Cortes Island Grant-in-Aid Debate Moved In Camera

Originally published May 24; some additional information added May 30

By Roy L Hales

The Electoral Area Service Committee (EASC) continues to thwart Cortes Island’s Grants in Aid from going forward. At their May 8th committee meeting, three of the four EASC Directors (Abram, Leigh & Whalley) did not acknowledge the Cortes applications, in an obviously concerted attempt to prevent the applications from reaching the Stathcona Regional District Board. At the May 22nd Board Meeting, the remaining EASC Director (Noba Anderson from Cortes Island) made a motion for the SRD board to receive the applications. Quadra Island Director Jim Abram responded with a motion to defer the matter. This was secounded by Oyster Bay – Buttle Lake Director Brenda Leigh. They were defeated. This prompted Directors Abram and Leigh to recuse themselves “due to legal ramifications.” After the board approved receipt of the applications,  the Cortes Island Grant-in-Aid debate moved in camera.

Don’t Let This Die In Camera

“Please don’t let this die at an in-camera meeting,” Anderson asked the board at large.

Most of the Directors appear to support the idea of moving forward on Cortes Island’s applications. 

Zeballos Director Julie Colborne said she has a problem with not moving forward due to the fact that these grant-in-aid applications are for CORE funding – organizations need to have the lights on (ie pay hydro).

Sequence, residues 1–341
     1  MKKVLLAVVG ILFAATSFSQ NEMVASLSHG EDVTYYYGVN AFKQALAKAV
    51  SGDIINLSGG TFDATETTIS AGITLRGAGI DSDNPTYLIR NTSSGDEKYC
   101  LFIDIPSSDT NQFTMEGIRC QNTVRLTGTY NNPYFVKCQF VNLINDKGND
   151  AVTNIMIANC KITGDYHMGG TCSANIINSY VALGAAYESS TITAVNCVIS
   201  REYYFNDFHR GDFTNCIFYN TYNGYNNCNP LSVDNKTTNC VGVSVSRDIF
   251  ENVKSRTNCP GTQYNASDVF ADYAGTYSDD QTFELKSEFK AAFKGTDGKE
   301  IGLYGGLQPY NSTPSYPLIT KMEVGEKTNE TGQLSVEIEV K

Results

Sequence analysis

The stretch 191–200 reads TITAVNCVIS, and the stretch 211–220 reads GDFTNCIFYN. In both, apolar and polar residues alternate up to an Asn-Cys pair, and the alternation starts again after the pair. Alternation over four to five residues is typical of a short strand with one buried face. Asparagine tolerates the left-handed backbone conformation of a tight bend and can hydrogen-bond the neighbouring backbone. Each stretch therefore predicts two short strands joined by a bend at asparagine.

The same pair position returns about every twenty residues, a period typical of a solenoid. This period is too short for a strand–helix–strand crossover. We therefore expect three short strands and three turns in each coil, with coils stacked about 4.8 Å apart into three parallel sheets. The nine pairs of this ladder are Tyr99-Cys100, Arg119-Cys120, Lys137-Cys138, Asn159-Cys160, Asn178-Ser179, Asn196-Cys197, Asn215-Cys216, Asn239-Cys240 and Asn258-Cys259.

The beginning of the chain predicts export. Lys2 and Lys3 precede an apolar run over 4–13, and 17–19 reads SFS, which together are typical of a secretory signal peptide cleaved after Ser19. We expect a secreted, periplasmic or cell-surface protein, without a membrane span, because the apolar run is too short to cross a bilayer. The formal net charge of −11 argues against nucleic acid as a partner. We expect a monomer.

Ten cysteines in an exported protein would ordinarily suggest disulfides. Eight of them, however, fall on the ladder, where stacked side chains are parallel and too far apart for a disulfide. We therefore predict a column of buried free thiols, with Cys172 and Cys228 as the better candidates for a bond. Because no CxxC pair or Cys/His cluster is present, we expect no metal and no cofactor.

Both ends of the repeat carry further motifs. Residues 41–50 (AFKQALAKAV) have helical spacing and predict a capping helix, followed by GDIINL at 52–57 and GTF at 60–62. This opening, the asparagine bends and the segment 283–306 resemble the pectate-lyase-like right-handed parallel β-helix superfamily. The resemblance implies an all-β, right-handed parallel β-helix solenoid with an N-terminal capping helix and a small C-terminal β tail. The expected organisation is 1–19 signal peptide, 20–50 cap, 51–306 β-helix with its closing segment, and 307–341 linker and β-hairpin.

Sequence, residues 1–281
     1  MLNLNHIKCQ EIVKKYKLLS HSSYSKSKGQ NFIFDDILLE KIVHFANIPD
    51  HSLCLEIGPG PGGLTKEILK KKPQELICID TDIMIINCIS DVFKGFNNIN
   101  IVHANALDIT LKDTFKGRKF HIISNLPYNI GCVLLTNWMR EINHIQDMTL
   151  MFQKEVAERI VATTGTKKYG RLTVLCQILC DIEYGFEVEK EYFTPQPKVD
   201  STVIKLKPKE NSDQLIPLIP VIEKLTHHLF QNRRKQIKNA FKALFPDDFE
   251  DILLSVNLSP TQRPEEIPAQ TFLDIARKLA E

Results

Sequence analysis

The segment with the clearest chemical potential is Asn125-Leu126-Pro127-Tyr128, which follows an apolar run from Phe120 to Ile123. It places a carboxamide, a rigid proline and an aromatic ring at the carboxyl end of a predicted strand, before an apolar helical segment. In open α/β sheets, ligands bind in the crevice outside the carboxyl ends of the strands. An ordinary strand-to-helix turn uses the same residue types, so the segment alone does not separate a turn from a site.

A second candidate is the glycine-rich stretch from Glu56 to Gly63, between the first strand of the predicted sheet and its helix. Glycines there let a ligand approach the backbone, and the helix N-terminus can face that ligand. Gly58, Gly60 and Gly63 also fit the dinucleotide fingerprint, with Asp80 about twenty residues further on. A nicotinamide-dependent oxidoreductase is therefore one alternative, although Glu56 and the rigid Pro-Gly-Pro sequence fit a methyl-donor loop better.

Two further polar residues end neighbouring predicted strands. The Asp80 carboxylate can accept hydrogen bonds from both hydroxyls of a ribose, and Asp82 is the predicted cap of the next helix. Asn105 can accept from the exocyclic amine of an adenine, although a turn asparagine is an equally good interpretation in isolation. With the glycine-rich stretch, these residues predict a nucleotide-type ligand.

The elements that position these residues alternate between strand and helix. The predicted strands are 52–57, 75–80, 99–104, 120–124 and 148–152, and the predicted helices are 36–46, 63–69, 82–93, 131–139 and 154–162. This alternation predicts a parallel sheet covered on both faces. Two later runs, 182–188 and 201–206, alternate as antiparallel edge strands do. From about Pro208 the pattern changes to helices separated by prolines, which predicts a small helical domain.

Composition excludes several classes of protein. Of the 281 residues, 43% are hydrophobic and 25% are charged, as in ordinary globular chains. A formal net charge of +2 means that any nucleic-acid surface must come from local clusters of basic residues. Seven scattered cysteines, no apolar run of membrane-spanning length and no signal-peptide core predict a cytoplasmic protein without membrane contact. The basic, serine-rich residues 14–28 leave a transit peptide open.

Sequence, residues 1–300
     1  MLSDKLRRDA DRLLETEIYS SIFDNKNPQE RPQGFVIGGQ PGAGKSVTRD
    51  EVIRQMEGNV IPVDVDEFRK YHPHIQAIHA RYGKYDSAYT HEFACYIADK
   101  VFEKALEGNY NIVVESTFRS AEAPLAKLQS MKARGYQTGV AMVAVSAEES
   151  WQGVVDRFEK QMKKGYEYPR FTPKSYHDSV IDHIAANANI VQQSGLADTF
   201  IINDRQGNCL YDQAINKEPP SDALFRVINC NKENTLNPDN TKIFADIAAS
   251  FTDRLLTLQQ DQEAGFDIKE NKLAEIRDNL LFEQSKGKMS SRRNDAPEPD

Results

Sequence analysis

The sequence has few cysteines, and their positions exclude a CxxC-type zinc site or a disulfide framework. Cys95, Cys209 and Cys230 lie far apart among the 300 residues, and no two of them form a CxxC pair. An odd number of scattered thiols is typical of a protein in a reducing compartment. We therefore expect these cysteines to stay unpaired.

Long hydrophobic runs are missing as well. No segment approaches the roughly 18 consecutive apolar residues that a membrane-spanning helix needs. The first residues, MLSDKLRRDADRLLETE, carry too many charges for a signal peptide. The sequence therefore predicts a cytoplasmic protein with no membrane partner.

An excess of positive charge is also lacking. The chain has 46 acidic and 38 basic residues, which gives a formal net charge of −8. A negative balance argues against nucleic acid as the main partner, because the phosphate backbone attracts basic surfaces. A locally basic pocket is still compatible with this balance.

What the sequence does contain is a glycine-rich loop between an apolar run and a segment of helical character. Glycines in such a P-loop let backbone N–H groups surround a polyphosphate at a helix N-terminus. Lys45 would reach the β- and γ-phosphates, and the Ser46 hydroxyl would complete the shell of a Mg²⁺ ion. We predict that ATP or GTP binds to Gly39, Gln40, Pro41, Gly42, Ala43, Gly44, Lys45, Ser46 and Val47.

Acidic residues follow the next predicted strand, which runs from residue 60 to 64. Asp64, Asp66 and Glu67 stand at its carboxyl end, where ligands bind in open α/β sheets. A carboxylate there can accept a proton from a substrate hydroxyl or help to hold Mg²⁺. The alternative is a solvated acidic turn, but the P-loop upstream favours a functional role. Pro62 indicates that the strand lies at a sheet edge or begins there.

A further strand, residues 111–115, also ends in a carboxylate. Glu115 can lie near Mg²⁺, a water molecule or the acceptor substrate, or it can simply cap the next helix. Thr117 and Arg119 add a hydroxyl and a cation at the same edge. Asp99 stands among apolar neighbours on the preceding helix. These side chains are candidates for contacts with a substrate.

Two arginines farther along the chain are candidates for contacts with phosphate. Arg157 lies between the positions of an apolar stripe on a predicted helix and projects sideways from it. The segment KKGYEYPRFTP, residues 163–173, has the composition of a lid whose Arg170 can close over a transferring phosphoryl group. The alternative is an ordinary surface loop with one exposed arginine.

Mayor John McDonald of Sayward said, “This is too much! We need to let Cortes Island do business.”

Grant-in-Aid Debate Moved In Camera

In light of the debate’s obvious undercurrents, Campbell River Director Charlie Cornfield moved that the debate be taken off camera, stating he was concerned.

Kyuquot/Nootka-Sayward Director Gerald Whalley muttered under his breath “You should be concerned” and seconded the motion.

Grant In Aid’s Refused

Added May 30: I do not remember seeing any reference to a vote in the SRD Minutes when I first wrote this story.

The Campbell River Mirror states their coverage was “edited to reflect an error in the SRD minutes about what came back from the in camera portion of the May 22 meeting. Initially, there was no reference to a motion for grant-in-aid requests, but it was amended later to include the item. We’re sorry for the mix-up.”

The SRD minutes now state that the motion to “approve grants in aid to be paid from the Electoral Area B grant in aid budget” was defeated, with all Directors except Anderson opposed. 

EASC’s Endorsement

Director Abram told the Campbell River Mirror that the Grants in Aid were not received by EASC, discussed or given any recommendation.

“Anything that comes to this board without a recommendation from the appropriate committee should not be considered,” he said.

In a previous meeting, Campbell River Mayor Andy Adams recused himself from voting on a Cortes Grant-in- Aid request because of it was not endorsed by EASC.

“I’m fully supportive of the application of the Klahoose First Nation, but I am going to recuse myself on the principle of the process. We have a process in that the Electoral Services are to endorse and approve an electoral area service request and we don’t have that,” he said. (Starting 12:07 in the linked “Raw Audio Klahoose Grant in Aid podcast.”) 

At that time, Cornfield responded, “The EASC does not have the authority to approve or turn down a Grant In Aid. It is only this Board. As to the process, EASC followed due process by saying they had no recommendation and it was referred to this board. So process is followed. Bottom line is, this board approves any Grants in Aid.”